Tips for a successful interview

What to expect in the interview process of each medical college.

What are the interviews?

Both medical colleges (ACRRM and RACGP) have different interview processes. The interview is conducted in the region you have applied to train in. The interview process assesses your suitability for general practice.”

The interviews of both colleges are designed to help you show your ability to:

  • think logically
  • communicate effectively
  • show why you want to be a GP.

Many do not realise the interviews are different to OSCEs, which many of you may have sat during your university years, and do not require ‘specialist’ general practice knowledge as this is something you gain during training.

ACRRM’s interviews are called Multi Mini Interview (MMIs). According to the ACRRM website:

“The MMI is behavioural-based assessment consisting of six short interviews in which you have two minutes to read a scenario and eight minutes to respond. Questions are designed to allow you to display your ability to think logically about a topic and communicate your response and ideas effectively.”

You can prepare for the interviews by reading ACRRM’s selection criteria and thinking about how it relates to your own experiences. You will not know the questions in advance. College and representative/s will be present.

The format of RACGP’s interview process is at the discretion of the college and can either be in an MMI format or a singular interview format. The format is conveyed to each candidate prior to the interview. According to the RACGP website:

“Interviews will consist of five common questions in either multiple mini interview or a single interview format. Interviewers have the opportunity to ask an additional three questions specific to their region.”

Candidates are notified of the interview outcome by way of a RACGP letter. Candidates will be required to respond to any placement offers in writing.

How do I prepare?

Both ACRRM and RACGP’s interviews may cover a variety of themes of situations where you will have to respond to demonstrate your abilities as a doctor. Common themes to prepare for at the interview stations may include:

  • demonstrating leadership
  • ethical scenarios
  • cultural competency
  • conflict resolutions
  • clinical scenarios
  • working in teams
  • managing difficult patients
  • communication skills (breaking bad news to patients).

Be prepared with examples of when you have displayed successful application of these themes and challenges in similar circumstances. This may include:

  • memorising some examples from your work experience
  • being aware of the cultural sensitivities of different patient cohorts (for examples, Aboriginal and Torres Strait Islanders)
  • articulating why you want to be a GP above any other specialty, what it means to be a good GP, and the experiences you have had which made you decide to pursue general practice training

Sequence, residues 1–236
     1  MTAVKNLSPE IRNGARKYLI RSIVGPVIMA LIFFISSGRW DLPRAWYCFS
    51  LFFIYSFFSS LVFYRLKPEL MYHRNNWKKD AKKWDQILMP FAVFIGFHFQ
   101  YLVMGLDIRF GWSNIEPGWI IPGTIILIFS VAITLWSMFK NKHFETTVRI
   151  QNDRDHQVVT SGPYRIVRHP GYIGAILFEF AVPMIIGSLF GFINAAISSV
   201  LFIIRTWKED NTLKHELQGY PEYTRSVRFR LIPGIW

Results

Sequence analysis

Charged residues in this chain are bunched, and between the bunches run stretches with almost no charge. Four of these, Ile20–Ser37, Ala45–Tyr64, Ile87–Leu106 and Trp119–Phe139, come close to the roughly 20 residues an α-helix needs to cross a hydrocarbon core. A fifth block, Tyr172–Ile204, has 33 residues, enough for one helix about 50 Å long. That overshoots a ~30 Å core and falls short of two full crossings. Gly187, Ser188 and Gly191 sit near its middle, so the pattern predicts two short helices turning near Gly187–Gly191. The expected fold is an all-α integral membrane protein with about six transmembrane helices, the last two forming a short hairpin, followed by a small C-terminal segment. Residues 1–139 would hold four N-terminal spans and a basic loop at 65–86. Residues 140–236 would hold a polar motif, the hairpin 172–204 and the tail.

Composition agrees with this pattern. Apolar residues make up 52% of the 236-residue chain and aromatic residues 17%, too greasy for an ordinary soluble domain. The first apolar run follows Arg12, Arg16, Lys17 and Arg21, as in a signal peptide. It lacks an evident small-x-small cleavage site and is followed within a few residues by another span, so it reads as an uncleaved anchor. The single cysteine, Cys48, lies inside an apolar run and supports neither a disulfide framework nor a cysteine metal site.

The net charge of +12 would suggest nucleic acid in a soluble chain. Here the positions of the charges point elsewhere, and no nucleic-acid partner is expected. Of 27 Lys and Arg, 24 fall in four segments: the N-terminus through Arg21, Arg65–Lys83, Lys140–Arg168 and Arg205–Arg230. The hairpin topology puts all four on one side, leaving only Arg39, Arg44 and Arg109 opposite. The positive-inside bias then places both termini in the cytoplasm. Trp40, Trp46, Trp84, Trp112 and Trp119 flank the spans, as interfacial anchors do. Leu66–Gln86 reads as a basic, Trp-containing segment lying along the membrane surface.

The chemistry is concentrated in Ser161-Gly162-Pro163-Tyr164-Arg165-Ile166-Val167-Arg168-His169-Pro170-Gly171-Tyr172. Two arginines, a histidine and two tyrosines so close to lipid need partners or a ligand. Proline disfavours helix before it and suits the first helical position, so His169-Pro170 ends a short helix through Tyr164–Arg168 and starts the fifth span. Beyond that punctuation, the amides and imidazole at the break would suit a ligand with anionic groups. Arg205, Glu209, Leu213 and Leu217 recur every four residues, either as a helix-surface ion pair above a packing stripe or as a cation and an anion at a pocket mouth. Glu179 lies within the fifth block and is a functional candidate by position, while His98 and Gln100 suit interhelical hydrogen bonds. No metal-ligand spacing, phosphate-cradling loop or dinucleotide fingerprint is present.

• discussing the skills and experience you have which will help you be a good GP
  • if applying for the rural pathway, think about why you are passionate about rural general practice and think about how you may demonstrate this through examples.

Do not be arrogant – admit your shortfalls and identify when you may need the assistance of a GP supervisor, however, be aware that you will still demonstrate a level of clinical independence appropriate to your level of training and skills.

Practical advice includes:

  • dress professionally
  • read through each question carefully
  • practise questions with friends and family members so you can get a sense of timing.

Advice for those applying for the rural generalist pathway

Be familiar with the training pathway – requirements, assessment, process, Advanced Skills Training (AST) options, curriculum.

Have an idea of a ‘training end-point’. In other words, where do you want to work and why? This is important for choosing an advanced skill, for example, there is no point in doing obstetrics for the AST if you’re not planning on working in a confining hospital, or are going to be in a larger centre that already has specialists in that field.

Have a good understanding of Aboriginal and Torres Strait Islander health, culture and inequalities.

Think about health in a rural context. How does practice in a rural environment differ from the city, e.g. referrals, lack of access, need to arrange urgent retrievals through the flying doctors, social isolation, importance of confidentiality and lack of services.
Have a good understanding of health inequalities in rural areas (CVD, T2DM, suicide, depression, Aboriginal and Torres Strait Islander specific, etc).

Why do you want to be a rural GP? What do you think the role involves? How will your family fit in with your goals?

There is usually some sort of ethical question in most medical interviews, (e.g. how to manage a drunk colleague, drug abuse, bullying / harassment).

Have a strategy for breaking bad news to a patient.

Think about a sick ‘medical’ or ‘trauma’ patient, how would you manage—by yourself—in a rural context. Discuss teamwork, early notification to retrievals, advice from specialists, lack of resources, involving other members of the team such as nurses and paramedics. Throughout, think about patient disposition.